This project, supported by the Carlsberg Foundation, had as its main purpose to make the philosophy of K.E. Løgstrup’s known to the non-Danish speaking world, because here we find thoughts and theories which are of great relevance and importance to people today. A key issue in Løgstrup’s conception is that although we as human beings have the power to do a great many things, we are in a fundamental sense powerless when it comes to making our own lives flourish. This means that we cannot make ourselves happy, and at the same time it carries the implication that if we do not acknowledge this fundamental human impotence it will inevitably lead to self-reproach and other forms of negative self-encircling attention.
These thoughts are highly relevant for our times, because we now, perhaps more than ever, live in a cultural understanding or pre-conception based on a firm belief in human power, and that we each have the potential to progress and improve ourselves, thus encouraging people to assume responsibility for and take charge of their own happiness and their own lives. The problem is that we, as modern human beings, do not understand why we are unhappy, because while we seem to have virtually all necessary means at our disposal for leading happy lives and for forging our own happiness, we apparently fail to take advantage of these opportunities. The result of this failure can be clearly seen in the alarming prevalence of depressions, cases of anxiety and serious stress-related psychological problems, but also in the perpetual search for ‘the right way to live’; all this in various degrees, but nonetheless with an entirely negative impact on the individual’s own life.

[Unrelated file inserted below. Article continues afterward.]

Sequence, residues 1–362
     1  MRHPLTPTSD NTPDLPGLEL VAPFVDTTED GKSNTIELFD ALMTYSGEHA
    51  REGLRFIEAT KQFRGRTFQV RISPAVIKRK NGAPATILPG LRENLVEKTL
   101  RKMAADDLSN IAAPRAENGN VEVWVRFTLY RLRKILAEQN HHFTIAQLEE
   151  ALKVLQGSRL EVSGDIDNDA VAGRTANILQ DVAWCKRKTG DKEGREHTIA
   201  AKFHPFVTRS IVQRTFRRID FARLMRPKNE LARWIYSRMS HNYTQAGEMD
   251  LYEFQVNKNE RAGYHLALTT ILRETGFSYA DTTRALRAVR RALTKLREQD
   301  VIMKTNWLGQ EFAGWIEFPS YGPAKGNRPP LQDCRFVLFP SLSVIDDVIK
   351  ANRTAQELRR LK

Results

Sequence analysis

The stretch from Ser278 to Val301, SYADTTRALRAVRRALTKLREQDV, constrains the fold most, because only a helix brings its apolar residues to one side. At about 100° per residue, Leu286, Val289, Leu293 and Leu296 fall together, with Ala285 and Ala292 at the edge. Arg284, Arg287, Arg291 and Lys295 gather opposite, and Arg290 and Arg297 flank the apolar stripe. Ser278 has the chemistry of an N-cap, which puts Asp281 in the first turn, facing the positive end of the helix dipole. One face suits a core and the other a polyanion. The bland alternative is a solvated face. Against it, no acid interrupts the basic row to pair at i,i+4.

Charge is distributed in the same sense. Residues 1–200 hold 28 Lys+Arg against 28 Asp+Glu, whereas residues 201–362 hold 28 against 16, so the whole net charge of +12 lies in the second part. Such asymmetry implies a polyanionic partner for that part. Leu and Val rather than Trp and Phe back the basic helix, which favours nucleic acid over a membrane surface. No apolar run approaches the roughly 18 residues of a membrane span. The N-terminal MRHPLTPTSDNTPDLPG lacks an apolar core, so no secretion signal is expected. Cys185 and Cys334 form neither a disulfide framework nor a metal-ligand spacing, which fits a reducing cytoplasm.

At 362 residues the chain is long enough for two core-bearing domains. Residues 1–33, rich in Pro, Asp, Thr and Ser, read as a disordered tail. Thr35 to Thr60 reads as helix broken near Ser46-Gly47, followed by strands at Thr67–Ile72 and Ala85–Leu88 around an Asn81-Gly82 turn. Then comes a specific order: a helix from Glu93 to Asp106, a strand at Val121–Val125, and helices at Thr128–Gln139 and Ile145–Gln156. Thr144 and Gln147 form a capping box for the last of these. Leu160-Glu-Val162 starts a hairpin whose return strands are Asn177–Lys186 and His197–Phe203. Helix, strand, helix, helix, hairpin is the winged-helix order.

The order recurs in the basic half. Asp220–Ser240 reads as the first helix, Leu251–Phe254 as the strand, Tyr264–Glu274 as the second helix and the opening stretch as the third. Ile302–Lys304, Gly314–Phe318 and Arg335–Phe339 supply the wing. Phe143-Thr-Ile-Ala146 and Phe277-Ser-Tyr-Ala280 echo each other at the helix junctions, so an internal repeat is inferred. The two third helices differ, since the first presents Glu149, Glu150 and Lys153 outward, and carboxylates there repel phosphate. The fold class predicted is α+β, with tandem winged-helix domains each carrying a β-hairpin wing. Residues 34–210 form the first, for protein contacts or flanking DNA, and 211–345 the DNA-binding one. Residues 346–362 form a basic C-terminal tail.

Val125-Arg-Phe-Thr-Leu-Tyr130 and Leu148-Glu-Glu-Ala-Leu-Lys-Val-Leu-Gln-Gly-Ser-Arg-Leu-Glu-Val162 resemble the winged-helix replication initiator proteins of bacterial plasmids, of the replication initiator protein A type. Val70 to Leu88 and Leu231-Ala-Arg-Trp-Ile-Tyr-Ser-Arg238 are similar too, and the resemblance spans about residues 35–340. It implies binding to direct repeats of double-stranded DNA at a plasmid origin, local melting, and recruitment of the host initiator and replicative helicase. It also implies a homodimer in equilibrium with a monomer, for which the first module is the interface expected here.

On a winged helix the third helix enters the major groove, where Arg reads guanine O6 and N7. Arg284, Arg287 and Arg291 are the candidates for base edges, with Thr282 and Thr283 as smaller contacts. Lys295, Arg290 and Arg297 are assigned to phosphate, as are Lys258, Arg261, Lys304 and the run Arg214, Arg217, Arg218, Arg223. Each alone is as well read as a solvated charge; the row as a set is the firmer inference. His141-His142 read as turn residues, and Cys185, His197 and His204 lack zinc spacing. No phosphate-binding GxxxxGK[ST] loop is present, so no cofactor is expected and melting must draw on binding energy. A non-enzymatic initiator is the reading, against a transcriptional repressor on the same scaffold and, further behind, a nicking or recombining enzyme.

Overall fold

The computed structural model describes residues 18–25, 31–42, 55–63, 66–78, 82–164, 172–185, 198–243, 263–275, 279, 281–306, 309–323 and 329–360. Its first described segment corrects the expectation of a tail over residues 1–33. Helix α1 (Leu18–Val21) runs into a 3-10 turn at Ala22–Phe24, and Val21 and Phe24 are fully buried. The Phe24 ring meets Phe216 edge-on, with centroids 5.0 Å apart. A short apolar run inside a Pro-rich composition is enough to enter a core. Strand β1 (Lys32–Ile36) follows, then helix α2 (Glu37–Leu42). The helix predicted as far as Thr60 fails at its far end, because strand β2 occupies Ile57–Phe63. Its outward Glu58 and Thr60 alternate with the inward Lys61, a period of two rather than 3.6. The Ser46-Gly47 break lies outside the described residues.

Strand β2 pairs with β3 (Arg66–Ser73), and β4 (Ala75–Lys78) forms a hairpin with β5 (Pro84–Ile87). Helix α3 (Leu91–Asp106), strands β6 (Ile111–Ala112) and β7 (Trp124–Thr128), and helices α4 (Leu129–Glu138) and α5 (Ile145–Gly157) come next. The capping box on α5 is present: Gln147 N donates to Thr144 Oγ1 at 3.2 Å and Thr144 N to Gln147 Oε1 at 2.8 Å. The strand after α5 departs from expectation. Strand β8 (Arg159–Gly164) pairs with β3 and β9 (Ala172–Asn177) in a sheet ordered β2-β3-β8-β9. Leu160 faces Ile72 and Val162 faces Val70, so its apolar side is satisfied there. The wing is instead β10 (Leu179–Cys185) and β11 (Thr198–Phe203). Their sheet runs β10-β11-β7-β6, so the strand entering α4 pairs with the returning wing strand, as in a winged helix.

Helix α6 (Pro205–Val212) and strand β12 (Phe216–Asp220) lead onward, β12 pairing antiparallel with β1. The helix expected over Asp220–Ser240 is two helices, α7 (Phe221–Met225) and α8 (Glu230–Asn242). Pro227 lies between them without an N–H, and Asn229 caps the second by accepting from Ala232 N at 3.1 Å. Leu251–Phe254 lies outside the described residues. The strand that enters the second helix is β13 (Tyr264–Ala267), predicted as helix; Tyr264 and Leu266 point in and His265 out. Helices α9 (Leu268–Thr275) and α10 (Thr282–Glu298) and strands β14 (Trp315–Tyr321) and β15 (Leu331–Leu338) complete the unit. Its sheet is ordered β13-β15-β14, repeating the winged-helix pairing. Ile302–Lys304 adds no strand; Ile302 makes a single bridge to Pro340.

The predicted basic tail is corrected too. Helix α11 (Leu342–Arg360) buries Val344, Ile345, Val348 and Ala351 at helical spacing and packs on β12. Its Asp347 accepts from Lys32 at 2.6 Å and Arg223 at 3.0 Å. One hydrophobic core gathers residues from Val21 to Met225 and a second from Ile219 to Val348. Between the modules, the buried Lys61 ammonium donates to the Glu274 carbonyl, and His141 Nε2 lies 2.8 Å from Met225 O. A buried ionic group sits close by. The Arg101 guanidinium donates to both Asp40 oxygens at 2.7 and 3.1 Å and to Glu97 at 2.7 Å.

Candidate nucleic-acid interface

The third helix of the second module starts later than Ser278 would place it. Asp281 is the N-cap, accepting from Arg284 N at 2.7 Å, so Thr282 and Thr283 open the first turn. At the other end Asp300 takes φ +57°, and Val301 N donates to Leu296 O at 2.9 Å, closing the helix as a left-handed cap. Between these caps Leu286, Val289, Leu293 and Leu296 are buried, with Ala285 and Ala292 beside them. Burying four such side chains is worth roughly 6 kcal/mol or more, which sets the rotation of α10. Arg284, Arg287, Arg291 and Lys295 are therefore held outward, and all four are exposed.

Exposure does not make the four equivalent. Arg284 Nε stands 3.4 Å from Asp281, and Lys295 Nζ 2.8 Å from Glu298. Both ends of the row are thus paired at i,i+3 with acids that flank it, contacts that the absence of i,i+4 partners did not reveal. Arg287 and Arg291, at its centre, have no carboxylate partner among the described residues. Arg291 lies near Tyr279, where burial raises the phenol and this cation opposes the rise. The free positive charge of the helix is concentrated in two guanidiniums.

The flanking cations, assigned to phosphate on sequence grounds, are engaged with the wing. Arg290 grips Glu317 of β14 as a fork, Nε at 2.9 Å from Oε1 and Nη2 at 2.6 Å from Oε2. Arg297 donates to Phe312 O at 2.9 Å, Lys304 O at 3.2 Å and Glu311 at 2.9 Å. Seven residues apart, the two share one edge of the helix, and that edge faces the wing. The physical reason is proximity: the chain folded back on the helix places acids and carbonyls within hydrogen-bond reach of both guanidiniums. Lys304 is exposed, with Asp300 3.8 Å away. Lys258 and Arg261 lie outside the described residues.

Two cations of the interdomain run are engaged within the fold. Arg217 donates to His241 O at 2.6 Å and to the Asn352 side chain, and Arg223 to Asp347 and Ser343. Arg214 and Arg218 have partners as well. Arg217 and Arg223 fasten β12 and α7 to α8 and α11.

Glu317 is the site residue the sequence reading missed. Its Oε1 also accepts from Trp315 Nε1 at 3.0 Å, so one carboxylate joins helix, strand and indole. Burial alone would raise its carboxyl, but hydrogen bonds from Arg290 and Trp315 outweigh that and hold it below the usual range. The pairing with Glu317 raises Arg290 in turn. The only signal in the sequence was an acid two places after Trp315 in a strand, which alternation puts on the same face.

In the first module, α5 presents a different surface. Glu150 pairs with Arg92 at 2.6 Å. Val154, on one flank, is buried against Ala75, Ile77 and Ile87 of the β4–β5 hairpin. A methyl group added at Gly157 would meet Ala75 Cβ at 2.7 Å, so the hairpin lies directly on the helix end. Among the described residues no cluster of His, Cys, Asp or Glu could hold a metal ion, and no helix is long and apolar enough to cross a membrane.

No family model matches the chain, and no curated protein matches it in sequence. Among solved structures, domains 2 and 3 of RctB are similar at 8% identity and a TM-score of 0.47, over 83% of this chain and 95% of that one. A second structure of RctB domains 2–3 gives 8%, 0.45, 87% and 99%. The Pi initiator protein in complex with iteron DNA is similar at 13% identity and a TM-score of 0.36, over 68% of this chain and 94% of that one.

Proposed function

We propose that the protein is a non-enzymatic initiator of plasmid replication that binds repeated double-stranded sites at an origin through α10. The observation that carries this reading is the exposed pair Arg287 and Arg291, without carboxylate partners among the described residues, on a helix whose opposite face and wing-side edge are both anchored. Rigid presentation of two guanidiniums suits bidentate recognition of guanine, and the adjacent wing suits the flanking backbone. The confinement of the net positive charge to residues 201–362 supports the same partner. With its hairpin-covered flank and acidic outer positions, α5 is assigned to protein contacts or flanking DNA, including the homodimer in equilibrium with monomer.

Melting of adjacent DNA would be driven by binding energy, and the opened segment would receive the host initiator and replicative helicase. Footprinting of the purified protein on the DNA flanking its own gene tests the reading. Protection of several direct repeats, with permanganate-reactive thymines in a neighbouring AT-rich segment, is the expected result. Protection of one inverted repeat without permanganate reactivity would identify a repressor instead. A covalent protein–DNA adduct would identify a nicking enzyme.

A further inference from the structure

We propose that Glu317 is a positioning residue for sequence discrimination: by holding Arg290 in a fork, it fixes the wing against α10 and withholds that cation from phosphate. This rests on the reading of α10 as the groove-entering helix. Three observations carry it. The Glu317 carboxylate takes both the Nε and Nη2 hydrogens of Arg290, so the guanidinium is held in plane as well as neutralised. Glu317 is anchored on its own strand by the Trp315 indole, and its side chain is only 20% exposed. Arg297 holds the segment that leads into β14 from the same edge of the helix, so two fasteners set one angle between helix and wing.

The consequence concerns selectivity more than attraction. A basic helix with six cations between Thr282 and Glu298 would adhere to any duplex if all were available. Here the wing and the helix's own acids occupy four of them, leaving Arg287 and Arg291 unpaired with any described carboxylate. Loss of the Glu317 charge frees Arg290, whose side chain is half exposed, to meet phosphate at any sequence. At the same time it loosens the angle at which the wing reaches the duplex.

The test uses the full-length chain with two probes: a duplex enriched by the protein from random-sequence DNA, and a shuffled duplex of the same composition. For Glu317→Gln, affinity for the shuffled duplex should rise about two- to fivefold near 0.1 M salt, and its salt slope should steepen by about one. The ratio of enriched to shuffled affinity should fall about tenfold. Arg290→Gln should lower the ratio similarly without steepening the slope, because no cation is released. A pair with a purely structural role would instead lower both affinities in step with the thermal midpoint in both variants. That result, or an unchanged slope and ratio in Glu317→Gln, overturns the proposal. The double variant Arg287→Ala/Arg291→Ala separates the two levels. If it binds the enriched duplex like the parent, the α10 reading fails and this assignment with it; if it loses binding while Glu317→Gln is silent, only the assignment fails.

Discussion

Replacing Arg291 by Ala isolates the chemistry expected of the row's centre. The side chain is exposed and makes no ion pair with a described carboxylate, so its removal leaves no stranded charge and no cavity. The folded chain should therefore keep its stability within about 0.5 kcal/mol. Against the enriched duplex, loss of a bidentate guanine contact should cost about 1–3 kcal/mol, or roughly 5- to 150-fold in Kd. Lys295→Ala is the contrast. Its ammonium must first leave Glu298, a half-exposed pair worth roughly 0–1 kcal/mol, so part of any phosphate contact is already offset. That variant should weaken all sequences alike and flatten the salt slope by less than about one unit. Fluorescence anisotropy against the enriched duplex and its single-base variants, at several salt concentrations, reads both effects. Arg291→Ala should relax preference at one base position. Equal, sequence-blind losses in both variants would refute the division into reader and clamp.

To summarize Løgstrup’s position, he addresses the problems which prevail throughout modern culture, but he does this by speaking out against our cultural understanding of who we are, what we should do, and what lies within our power. He opposes the dominant conceptions and theories of the human being which constitute our current philosophical anthropology. Of particular importance is Løgstrup’s eye for the crucial importance that the other person and our surroundings have in our existence, and it is here we find Løgstrup’s main corrective to our tendency to focus on the individual and hence the tendency to over-emphasize our own self-reliance and sovereignty, which overburdens the present day human being, as can be seen in many of today’s buzz phrases such as ‘taking charge of one’s own life’, telling children that they themselves are ‘responsible for their own learning’, that the employee must ‘welcome and accept change at all times’, and the idea that we must ‘work on our own self-realization and improvement’, just to name a few examples.
Here, Løgstrup’s analysis of culture is extremely nuanced and focuses on a whole range of topics, as can be seen from the manifold of various possibilities through which, according to Løgstrup, life can make us happy and thus realize us and our inter-personal relationships ‘behind our backs’, so to speak, namely without our being aware of them or our intentional involvement. Examples of these possibilities which can liberate us and which can cause happiness are: the word of God’s unconditional love (theology), the presence and existence of other people in our lives (philosophy and ethics), art (culture), sensation (physiology, biology and environmental ethics), along with learning and interest in factual subjects (pedagogics and education).
The project focused on three main areas: